Dishonor for Chesapeake Country
by C.D. Dollar
It wasn't an honor for Chesapeake Country, American Rivers' designation of three watershed rivers - the Pocomoke, the Potomac and the Mattaponi - among the nation's 20 most endangered rivers.
On April 6, as American Rivers issued their 13th annual report on America's Most Endangered Rivers, Vice President for Conservation Doug Siglin came to City Dock in Annapolis to explain why the three Bay's rivers are in trouble. With him were Gov. Parris Glendening, Congressman Wayne Gilchrest (R-1st), state Sen. Brian Frosh (D-Montgomery Co.), Chesapeake Bay Foundation president William C. Baker and Joy Oakes, regional director for the Sierra Club. Their presence spoke volumes as to the seriousness of the situation.
The Pocomoke River was named the third most endangered river, due mostly to nutrient problems associated with chicken manure and last year's outbreak of Pfiesteria that killed tens of thousands of fish and sickened watermen and boaters.
Despite its current and perhaps seasonal problems, the Pocomoke is a gorgeous river whose meandering banks flow 49 miles across the southern end of Maryland's Eastern Shore, past one of the last major stands of cypress trees in our area, before reaching Virginia's Pocomoke Sound. I'd swim and fish and boat there - provided Pfiesteria was dormant.
Maryland designated the Pocomoke River a State Scenic River in 1971, and the Maryland Natural Heritage Program considers more than 2,000 acres of land along the Pocomoke of exceptional ecological importance.
The basin is one of the best bird environments on the Atlantic coast, and there thousands of anglers pursue white and yellow perch, largemouth bass and black crappie. The river is also a popular spot for hunting, canoeing, swimming and water-skiing.
For generations, watermen communities have harvested the river's rich bounty of fish and shellfish, sustaining an integral part of Bay heritage. Family farms also border the Pocomoke, growing soy beans, corn and wheat. And of course, chickens are raised here. Lots of them.
The Potomac, making the list for the second straight year, ranked 12th. Its threats are expanding poultry farms and cattle and hog feedlots at the Potomac's headwaters in West Virginia. In addition, large-scale development projects like Chapman's Landing pose "imminent danger to the Potomac's unique natural and historic resources," according to American Rivers.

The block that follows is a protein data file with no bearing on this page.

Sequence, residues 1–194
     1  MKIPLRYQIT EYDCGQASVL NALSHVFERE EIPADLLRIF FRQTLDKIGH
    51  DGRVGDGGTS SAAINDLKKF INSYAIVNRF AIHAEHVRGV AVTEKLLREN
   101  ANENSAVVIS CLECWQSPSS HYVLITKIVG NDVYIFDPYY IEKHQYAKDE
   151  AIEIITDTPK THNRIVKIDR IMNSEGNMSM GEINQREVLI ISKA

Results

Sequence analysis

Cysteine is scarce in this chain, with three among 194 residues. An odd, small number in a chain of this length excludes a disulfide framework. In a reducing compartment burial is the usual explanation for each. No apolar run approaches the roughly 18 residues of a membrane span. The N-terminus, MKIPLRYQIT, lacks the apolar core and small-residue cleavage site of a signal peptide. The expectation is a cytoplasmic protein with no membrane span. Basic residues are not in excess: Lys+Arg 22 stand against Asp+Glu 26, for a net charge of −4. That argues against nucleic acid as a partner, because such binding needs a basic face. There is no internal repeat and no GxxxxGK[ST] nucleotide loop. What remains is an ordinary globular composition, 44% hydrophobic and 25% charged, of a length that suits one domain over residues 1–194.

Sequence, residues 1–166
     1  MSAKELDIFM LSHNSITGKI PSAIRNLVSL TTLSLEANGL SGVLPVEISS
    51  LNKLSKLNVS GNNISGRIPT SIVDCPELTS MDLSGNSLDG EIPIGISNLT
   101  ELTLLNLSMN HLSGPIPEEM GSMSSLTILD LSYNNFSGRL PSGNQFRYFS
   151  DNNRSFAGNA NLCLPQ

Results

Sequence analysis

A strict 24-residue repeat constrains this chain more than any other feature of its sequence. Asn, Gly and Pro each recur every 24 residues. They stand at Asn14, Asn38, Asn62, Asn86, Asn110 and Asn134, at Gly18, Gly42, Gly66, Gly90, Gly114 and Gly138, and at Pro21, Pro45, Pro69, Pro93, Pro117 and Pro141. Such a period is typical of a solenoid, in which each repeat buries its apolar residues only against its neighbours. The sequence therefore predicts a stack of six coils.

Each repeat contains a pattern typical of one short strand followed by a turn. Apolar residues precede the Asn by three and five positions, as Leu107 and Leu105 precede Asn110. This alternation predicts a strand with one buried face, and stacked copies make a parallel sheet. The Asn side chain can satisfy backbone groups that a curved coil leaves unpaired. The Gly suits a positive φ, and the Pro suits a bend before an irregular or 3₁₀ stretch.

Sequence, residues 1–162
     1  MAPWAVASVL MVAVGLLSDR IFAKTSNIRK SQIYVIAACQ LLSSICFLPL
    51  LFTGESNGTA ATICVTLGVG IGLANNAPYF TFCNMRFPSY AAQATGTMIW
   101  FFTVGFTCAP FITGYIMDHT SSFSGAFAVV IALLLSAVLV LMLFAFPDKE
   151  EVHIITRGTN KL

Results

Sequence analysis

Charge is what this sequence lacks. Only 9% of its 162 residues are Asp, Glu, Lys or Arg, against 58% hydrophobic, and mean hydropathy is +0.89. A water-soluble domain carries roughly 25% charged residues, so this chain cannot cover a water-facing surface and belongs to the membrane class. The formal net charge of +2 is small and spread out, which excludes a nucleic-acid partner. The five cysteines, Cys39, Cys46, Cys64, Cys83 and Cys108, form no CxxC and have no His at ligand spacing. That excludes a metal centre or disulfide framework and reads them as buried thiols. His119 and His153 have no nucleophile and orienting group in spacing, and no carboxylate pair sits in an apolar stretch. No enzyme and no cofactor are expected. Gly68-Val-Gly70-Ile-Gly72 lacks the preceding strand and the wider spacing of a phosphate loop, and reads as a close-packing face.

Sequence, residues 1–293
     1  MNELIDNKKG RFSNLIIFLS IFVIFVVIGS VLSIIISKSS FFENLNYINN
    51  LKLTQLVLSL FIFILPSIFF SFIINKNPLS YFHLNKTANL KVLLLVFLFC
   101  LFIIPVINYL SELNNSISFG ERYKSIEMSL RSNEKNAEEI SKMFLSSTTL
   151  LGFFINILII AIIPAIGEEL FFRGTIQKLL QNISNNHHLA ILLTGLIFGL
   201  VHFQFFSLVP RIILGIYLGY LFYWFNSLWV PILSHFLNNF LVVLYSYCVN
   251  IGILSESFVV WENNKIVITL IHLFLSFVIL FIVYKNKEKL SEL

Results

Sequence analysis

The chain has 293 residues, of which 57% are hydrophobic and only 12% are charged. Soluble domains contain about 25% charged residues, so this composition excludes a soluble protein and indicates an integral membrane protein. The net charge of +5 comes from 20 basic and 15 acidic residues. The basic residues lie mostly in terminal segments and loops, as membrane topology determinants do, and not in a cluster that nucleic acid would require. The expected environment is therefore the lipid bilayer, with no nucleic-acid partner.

The threat to the Potomac's world-class largemouth bass fishery has sportsmen, conservationists, and government and tourism officials siding up against the proposed Chapman's Landing development. A $25 million offer to save the property was drowned out by the bulldozer sound of development, which to many, including Gov. Glendening, "doesn't make sense." [Editor's note: see this week's editorial.]
Bass fishing on the Potomac is a $25-million-a-year business, and the river generously gives countless hours of enjoyable recreation for other boaters, a cost which may be harder to quantify.
The Mattaponi checked in at 17, little credit to the King William Reservoir project proposed by the Newport News Waterworks. The project would drain, fill, excavate or flood more than 437 acres of sensitive wetlands and destroy nearly 1,400 acres of upland habitat.
The Nature Conservancy has described the Mattaponi River - which flows into the York River in Virginia - as "the heart of the most pristine freshwater complex on the Atlantic Coast." Bald eagles, osprey, herons, geese, ducks and other birds make the Mattaponi one of the richest avian waterways in Virginia. Striped bass, shad, blueback herring and shellfish support healthy sport, commercial and subsistence fisheries.
The Mattaponi Tribe regards the river as the lifeblood of its nation, and today, Mattaponi fishers ply the river with drift nets and operate a shad hatchery to restore shad populations. Massive water withdrawal could drive up salinity levels in the Mattaponi, raise water temperatures and lower oxygen levels in the summer.
What should our response be to these dubious distinctions? Do we dismiss American Rivers' list as environmental rhetoric? Is it unfair to ask that developers slow down their exploitation of natural resources? Should farmers take the brunt of criticism about nutrient run-off? What about regular citizens, like you and me?
Hard questions deserve thoughtful and decisive action, and now is the time. The reality is that we must all do our part to get our rivers off such an infamous list.
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VolumeVI Number 14
April 9-15, 1998
New Bay Times